Harnessing the power of the media to help prevent substance use and reduce addiction stigma
Last year, Dianova International launched the campaign “End Stigma Now” and we identified the communications media as being one of society’s actors which created and perpetuated the most stigma towards people with drug use disorders. We published a series of recommendations alongside the campaign, to end stigma by the communications media, the health services and in the workplace.
This year, we want to delve deeper into the role the communications media plays in the field of drugs, and we would like to turn it on its head and attack it from the perspective of how we can really harness the power of the communications media to promote healthy lifestyles, prevent the consumption of drugs, defend the right to health, and reduce stigma towards people who use drugs.
In the 63rd session of the United Nations Commission on Narcotic Drugs, Dianova published one of the only six statements written by civil society organizations entitled “Call on Greater Coordination to Harness the Power of the Communications Media” (also available on the UNODC website). This report has been included as part of the official documentation of the United Nations session.
Moreover, on 4 March 2020, we organised a side event on the margins of the 63rd session of the Commission on Narcotic Drugs entitled, “The Media, a Key Actor in the Field of Drugs”. The event was organised by Dianova International and co-sponsored by the Government of Canada, the Canadian Centre on Substance Use and Addiction (CCSA), the Norwegian Interest Organization for Substance Misusers, RIO, the Proyecto Hombre Association in Spain and the Turkish Green Crescent Society in Turkey. The event was attended by some 60 people, who actively participated when the floor was opened to questions.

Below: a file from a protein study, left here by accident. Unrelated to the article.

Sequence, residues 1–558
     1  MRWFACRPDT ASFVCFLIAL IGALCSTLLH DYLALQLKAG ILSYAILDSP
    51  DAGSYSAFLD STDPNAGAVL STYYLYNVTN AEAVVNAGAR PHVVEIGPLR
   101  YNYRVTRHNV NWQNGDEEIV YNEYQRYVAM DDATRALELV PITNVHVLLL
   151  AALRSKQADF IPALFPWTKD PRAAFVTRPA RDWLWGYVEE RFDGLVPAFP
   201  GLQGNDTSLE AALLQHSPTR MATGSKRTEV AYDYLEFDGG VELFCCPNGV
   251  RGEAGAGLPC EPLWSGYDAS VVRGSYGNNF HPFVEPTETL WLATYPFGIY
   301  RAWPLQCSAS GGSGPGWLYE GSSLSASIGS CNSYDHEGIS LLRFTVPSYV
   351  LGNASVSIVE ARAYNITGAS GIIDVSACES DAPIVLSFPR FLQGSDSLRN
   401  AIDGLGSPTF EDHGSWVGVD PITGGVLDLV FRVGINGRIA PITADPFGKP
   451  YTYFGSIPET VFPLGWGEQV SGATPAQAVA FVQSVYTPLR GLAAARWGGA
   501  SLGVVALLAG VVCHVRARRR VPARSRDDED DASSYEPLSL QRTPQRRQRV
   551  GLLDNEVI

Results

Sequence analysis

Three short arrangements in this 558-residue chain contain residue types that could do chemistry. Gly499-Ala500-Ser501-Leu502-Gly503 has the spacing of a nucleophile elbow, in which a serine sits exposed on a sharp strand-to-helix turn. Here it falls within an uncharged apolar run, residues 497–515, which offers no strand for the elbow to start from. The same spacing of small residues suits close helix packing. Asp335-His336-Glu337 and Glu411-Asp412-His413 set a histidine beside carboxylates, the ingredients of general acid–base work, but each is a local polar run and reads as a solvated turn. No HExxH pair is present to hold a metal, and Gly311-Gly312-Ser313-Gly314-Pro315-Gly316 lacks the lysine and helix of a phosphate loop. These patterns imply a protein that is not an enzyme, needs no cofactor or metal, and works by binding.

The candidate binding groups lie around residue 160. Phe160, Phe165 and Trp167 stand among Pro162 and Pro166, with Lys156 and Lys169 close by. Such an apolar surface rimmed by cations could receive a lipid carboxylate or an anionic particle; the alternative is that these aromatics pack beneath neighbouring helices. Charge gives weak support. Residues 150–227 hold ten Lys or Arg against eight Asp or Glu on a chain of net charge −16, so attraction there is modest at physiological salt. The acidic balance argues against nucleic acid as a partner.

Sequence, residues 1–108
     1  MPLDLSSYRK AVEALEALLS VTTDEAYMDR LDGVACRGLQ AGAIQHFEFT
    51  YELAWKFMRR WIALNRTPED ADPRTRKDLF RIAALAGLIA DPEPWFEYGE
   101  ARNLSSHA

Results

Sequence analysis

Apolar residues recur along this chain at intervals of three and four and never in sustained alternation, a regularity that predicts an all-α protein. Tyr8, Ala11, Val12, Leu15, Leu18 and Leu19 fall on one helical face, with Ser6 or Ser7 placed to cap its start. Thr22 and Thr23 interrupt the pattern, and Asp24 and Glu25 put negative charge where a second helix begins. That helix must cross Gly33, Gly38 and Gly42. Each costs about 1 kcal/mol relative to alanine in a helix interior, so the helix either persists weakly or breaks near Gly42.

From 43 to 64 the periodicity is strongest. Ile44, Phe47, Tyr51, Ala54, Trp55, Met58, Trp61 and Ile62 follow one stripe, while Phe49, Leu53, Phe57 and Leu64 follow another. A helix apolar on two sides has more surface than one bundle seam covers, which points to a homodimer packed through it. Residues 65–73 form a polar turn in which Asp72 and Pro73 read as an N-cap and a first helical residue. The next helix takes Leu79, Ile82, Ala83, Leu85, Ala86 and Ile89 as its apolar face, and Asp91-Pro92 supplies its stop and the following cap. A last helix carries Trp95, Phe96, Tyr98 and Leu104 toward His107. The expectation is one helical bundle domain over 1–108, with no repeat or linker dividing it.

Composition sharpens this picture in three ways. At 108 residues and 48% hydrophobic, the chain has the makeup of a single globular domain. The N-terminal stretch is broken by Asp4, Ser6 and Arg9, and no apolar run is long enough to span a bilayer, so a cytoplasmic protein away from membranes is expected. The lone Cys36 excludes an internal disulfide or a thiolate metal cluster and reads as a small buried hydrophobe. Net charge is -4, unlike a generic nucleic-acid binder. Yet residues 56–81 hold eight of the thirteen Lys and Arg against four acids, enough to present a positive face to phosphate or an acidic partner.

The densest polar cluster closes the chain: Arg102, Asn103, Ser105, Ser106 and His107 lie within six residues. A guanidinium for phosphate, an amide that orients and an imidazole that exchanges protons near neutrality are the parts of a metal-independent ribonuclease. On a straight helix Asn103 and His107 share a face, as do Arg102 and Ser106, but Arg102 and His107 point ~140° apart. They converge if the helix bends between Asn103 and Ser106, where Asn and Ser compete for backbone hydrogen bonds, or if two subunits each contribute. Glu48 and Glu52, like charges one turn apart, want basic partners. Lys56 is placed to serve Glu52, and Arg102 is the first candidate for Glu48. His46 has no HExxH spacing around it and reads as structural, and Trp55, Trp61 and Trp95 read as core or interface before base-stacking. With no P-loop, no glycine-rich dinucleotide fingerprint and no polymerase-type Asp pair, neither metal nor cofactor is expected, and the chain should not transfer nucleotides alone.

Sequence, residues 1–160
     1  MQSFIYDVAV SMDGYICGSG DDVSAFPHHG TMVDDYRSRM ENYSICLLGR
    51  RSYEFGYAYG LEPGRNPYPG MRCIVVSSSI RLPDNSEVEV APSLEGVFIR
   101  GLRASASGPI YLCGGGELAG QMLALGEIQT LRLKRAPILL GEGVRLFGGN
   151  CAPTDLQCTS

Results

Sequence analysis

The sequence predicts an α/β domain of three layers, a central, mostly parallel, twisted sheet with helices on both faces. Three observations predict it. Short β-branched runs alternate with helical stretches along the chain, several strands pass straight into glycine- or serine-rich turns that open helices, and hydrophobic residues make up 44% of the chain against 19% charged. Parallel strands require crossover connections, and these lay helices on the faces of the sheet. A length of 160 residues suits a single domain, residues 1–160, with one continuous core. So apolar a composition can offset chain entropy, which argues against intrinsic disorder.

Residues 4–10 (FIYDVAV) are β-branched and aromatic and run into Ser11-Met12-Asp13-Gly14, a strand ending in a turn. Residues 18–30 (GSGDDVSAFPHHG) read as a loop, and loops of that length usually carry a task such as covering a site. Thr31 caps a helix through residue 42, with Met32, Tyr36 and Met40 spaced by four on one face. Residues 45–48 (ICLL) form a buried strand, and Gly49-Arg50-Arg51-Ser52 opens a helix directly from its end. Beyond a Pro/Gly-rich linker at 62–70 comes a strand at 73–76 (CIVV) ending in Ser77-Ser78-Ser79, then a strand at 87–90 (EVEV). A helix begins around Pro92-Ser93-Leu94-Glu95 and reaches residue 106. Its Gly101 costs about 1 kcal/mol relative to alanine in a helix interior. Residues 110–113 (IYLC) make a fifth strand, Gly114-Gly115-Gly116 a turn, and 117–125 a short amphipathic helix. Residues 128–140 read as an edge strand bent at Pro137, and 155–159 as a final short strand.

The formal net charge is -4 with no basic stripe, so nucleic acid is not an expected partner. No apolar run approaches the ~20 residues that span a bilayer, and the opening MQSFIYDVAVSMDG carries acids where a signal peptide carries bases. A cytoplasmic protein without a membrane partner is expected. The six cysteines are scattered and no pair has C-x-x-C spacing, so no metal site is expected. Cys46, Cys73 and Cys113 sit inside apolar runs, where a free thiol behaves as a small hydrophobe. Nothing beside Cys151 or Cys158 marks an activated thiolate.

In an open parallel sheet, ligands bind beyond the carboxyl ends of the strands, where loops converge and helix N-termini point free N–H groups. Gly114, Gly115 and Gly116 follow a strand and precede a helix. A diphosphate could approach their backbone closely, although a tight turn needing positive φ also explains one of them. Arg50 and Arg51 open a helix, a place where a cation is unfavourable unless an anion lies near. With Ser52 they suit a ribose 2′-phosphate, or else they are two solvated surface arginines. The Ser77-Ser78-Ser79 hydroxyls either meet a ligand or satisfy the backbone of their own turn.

The side event had an exceptional panel, who addressed the subject matter from different points of view. First, Rebecca Jesseman from the CCSA, focused on the importance of the language used by the communications media when it comes to stigmatising people who use drugs and when referring to this overall issue.
Rebecca also referred to the importance of being proactive when working in this area and presented the CCSA publication on “Overcoming Stigma Through Language”, which is a very useful resource as well as introducing the #StigmaEndsWithMe campaign.
Second, Kenneth Arctander from the RIO organisation (associate member of Dianova) presented the current situation in Norway. The country is currently engaged in a proposal for reforming drug policy, which seeks to decriminalise the consumption and possession of all substances for personal use. As the issue is currently a hot topic in Norway, Kenneth gave examples of how some communications media have published articles containing very pejorative language with regard to people who use drugs as well as how RIO has acted to dismantle the negative social perceptions and present the problem from a more human perspective.
Third, Stephanie Nairn, Post-doctoral Research Fellow, Sainte-Justine Research Center & PhD Candidate, Sociology and Social Studies of Medicine, McGill University (Montreal, Canada), addressed youth perceptions of opioids in contemporary media. In the presentation, Stephanie presented the preliminary results from the “Emerging Health Threat” project, which aims to identify strategies for promoting the prevention and early intervention in young people at risk of using opioids. The preliminary results of the study suggest that young people do not identify with media representations of opioids and their consumption (ranging from a medical, creative or addictive use). For this reason, in some cases, they create their own content. It will be crucial to involve young people in prevention and intervention actions in order for them to be effective.
Finally, Kristina Stankova, Research Assistant at Dianova International, presented the threats and opportunities represented by social networks and alternative media. She focused on topics including the dissemination of misinformation, the role of famous people on social media who promote unhealthy lifestyles, and the influence of misleading advertising on social media. Finally, Kristina identified some ways in which the power of these communications media could be harnessed to, for example, reach more people, mobilise support, manage dangerous content, or promote research.
At Dianova, we want to thank our partner organisations in the event and also its speakers for opening this topic up for debate within the framework of the United Nations, by bringing different perspectives, and above all, by calling for proactive action to harness the potential of the media to make a positive impact in this area.